Intel’s taking Stephen Hawking’s speech system open-source

By on April 29, 2015
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Wired Uk published an interesting post after having interviewed the famous scientist Stephen Hawkings, on his system helping him communicating and interacting with the world around him:

In December 2014, Intel revealed that it had been working with Professor Stephen Hawking to create a new system to help him communicate and interact with the world around him. In an unprecedented move, the company also announced that it would be opening up the platform to the international research community so that it could be adapted for the three million people suffering from motor neurone disease and quadriplegia.

“As we started to work on this, we realised that we could also impact a larger group of people,” says Lama Nachman, speaking at WIRED Health in London about developing the platform.Nachman points out that redesigning Hawking’s system wasn’t about providing more computer power, but finding a way to enhance the system he was using in a way that would allow him to enjoy the same experiences he had become used to.

“He wasn’t interested in something revolutionary; he wanted something similar to what he had but that could solve a lot of problems,” says Nachman.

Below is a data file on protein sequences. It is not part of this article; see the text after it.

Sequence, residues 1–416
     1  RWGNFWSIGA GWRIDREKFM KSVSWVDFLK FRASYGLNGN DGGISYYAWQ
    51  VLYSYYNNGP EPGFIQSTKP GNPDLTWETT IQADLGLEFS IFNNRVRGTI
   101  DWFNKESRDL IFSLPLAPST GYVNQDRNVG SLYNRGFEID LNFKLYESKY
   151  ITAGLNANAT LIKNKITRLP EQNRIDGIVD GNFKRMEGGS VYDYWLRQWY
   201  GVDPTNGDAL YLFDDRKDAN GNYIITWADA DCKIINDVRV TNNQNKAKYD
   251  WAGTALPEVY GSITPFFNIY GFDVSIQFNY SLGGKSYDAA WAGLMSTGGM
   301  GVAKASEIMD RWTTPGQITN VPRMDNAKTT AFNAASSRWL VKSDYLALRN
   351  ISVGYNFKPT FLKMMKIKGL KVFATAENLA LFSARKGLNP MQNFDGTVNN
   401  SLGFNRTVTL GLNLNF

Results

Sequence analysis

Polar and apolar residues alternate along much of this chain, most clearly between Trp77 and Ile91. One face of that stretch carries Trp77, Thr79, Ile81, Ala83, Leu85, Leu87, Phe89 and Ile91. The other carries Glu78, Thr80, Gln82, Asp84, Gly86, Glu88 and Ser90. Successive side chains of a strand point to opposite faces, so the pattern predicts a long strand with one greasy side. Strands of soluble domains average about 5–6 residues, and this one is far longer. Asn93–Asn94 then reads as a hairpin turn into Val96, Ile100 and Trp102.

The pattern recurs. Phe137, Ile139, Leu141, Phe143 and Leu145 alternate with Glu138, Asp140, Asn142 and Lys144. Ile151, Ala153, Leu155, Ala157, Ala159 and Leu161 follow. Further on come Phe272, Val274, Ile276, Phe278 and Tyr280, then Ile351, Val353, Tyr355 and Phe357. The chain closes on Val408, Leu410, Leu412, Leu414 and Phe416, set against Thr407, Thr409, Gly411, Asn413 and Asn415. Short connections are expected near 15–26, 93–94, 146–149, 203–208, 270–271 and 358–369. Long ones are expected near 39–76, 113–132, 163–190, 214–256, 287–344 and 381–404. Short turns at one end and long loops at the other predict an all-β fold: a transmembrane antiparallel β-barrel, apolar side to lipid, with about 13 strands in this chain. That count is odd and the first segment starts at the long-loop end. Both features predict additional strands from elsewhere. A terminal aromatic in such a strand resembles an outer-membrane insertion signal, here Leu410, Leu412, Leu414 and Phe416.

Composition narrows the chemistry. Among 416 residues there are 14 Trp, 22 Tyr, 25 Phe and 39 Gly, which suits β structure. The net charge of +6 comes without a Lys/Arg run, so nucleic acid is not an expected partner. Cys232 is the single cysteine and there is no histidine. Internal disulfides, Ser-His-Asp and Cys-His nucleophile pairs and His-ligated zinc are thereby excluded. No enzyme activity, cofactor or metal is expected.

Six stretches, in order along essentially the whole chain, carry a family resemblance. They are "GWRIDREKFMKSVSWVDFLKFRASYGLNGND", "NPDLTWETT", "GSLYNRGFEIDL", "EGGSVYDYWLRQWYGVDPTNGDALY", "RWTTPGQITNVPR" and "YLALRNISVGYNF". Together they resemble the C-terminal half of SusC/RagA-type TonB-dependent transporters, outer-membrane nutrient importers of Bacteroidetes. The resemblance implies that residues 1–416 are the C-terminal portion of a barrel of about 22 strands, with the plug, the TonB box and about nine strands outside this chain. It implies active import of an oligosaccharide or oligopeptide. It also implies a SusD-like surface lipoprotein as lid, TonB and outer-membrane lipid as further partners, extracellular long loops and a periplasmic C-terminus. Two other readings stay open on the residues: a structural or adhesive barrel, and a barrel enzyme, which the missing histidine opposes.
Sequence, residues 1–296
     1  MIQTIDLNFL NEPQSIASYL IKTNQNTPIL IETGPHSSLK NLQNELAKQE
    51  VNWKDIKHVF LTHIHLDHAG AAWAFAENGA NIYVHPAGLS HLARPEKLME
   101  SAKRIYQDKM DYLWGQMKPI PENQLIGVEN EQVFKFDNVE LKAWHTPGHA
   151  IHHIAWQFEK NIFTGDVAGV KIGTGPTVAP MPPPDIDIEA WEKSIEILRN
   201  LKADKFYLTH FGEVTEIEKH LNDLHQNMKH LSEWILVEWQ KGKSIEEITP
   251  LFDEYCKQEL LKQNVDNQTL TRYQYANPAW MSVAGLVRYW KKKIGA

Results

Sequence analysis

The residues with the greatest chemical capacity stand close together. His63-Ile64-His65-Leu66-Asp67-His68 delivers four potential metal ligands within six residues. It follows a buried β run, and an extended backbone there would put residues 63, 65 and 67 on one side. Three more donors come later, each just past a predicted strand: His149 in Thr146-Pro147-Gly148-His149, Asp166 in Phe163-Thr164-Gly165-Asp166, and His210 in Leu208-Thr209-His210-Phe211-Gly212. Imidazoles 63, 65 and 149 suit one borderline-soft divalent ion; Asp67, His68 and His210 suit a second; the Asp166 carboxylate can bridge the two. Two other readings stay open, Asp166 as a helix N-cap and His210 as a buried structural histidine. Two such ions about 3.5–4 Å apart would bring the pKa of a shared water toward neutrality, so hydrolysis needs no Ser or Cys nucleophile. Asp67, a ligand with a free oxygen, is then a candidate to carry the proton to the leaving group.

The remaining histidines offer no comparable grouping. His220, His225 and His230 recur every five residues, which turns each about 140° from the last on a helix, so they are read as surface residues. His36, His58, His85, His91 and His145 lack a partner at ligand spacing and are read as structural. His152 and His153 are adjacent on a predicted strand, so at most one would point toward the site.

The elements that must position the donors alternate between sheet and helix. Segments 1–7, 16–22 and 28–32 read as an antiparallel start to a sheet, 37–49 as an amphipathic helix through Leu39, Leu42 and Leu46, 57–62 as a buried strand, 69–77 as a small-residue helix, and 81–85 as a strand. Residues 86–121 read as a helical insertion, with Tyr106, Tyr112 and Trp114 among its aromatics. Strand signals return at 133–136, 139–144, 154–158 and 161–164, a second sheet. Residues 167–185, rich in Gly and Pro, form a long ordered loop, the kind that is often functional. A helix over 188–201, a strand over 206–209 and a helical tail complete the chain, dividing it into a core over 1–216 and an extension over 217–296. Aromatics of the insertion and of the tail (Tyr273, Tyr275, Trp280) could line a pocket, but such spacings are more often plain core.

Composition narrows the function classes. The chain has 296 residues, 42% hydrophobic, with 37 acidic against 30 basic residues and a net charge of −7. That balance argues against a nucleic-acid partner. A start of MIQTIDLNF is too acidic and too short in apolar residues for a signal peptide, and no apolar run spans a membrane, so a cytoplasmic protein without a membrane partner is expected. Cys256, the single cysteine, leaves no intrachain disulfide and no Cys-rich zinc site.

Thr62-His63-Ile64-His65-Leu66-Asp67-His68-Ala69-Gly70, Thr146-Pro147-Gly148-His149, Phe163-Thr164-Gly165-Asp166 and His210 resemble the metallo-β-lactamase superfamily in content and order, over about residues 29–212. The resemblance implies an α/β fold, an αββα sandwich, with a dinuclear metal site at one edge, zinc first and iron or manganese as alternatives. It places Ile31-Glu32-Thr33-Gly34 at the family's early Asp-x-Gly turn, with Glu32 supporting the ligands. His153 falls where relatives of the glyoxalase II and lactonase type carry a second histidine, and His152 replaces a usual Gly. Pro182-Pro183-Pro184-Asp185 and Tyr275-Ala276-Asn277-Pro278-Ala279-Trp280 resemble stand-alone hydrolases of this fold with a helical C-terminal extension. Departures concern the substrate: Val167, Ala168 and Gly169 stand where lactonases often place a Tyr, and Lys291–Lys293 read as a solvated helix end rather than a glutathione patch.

The team at Intel was faced with the challenge of changing the software interface without making it unfamiliar. “If you think about a Windows system or any graphical interface  it assumes people can easily move around,” says Nachman. “When you are using mouse simulation that is clearly not the case.”

The team spent time with Hawking and his carers so as to understand how he used his system. “We’ve come to understand all of these common functions that he does on a daily basis,” says Nachman. From there the researcher managed to reduce the number of interactions it took to complete a simple task, turning opening a file from a three- or four-minute operation to a ten-second operation.

read the interview here: Intel’s Lama Nachman on taking Stephen Hawking’s speech system open-source (Wired UK)

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